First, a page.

But, back to the time of DeRoux and Bear Creek. Soon after discovery, the U.S. Geological Survey examined the prospect. By 1930, DeRoux was listed as general manager and half owner of the Shiedly-Roux prospect that operated under the name Alaska Asbestos Company. Ken DeRoux states that Augustus spent much effort to interest investors in the claims. I would guess Shiedly received his ownership for a monetary contribution to advance development work.
DeRoux told a reporter in 1931 that he believed his claim was the only commercially viable quarry in Alaska. At that time the values ranged from $40 for the poorer grades to the finest quality at $350 per ton. This must mean DeRoux or the USGS sent out samples for assay. More than $75 had been invested in the development, and the owners planned to operate on a larger scale in 1931.
The Bear Creek occurrence is thermolite asbestos. The best quality asbestos comes from two of the other six minerals, but thermolite is still commercially viable today. The Bear Creek asbestos occurs in leaves and sheaves of parallel fibers, some 18 inches long, but the weathered, exposed surfaces break across the fibers in small pieces and chunks. By 1944, the asbestos was exposed for a length of fourteen feet, and in places the band was a foot and a half wide. The vertical layer was traced for 60 feet on the surface. The cross-fiber samples (as opposed to parallel fibers) were three-quarters of an inch to six or eight inches long.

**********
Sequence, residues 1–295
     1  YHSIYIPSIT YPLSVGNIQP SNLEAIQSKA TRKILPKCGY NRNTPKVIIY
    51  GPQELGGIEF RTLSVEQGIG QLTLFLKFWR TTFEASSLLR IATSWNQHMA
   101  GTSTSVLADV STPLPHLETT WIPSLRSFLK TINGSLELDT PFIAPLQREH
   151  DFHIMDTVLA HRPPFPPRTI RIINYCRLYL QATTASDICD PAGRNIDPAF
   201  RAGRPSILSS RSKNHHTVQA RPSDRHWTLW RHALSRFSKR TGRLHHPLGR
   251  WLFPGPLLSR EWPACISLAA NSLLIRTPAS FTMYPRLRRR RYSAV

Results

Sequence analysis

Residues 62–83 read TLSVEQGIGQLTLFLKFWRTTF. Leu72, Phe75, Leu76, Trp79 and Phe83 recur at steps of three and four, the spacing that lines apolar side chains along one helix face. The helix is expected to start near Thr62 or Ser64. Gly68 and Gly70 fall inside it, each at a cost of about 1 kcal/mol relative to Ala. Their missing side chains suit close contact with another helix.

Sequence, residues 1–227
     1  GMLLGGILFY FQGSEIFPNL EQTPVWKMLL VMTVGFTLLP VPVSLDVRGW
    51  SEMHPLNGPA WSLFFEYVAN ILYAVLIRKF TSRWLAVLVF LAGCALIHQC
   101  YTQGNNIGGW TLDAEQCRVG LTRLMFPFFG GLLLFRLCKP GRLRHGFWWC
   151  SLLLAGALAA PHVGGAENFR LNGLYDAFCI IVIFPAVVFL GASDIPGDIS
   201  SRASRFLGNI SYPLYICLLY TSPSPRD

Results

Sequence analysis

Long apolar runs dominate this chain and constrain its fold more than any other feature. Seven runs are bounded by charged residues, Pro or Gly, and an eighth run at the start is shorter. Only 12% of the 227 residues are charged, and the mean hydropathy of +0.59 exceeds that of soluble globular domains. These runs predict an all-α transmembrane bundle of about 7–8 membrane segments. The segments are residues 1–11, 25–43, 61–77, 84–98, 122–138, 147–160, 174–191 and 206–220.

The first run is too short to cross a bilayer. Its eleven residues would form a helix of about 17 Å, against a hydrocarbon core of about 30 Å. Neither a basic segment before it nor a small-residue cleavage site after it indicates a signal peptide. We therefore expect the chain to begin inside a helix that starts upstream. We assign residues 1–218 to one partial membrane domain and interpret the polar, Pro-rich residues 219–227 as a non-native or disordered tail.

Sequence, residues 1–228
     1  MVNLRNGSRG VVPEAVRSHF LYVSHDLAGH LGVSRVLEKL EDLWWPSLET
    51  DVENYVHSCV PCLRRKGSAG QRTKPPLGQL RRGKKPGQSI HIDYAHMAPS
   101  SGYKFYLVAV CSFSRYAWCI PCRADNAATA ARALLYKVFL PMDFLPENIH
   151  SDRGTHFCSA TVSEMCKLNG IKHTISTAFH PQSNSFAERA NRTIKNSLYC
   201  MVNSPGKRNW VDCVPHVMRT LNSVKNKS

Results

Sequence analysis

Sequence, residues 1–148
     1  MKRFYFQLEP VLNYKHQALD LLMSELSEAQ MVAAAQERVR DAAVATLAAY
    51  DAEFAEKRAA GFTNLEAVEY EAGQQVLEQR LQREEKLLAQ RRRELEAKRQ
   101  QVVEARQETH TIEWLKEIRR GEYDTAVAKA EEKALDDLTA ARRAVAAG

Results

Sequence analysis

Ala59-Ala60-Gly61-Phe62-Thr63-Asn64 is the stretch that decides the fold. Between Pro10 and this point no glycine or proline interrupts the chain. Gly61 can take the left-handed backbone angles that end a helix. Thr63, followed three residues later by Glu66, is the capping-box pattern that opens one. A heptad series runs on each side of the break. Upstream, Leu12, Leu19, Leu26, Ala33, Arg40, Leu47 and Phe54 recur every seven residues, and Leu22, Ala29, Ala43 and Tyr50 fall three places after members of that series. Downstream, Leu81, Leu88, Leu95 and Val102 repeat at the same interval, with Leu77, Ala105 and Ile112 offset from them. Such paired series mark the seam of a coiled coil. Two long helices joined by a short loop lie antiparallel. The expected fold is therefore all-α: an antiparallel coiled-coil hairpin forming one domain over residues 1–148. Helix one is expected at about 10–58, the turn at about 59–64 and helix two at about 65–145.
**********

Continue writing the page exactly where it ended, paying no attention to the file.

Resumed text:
In a USGS report, criteria were explained on how to open such a mine: one had to see if better quality asbestos was under the weathered material. The owner also needed to know if sufficient quantity was available before talking to manufacturers. Usually asbestos is mined by the company that processes it. Some asbestos may be usable by one company and not by another.
Again, the USGS collected and tested samples and told DeRoux that the asbestos did not meet the specifications for commercial use. Apparently DeRoux was discouraged by this report and did no further work on the unpatented claims. The last time geologists examined the prospect was in 2005-2006 when the Bureau of Land Management investigated the claims for the U.S. Forest Service. The file is marked "probably abandoned."
The biggest Alaskan asbestos deposits are in the Kobuk River area where the prehistoric people first used it. It wasn't until the Gold Rush that prospectors seriously looked at the Dahl Creek deposits. Several outfits examined the area, but it was not until 1943 before the Arctic Circle Exploration Co. mined 33 tons of tremolite asbestos near the summit of Asbestos Mountain. A 229-foot adit and several trenches were explored and then mined. No further activity at the mine is reported, probably because, like the Bear Creek prospect, the fibers were short and not particularly strong.
Today 36,000 tons of thermolite are mined annually in India.
Pat Roppel is the author of numerous books about mining, fishing, and man's use of the land. She lives in Wrangell. She may be reached at firstname.lastname@example.org.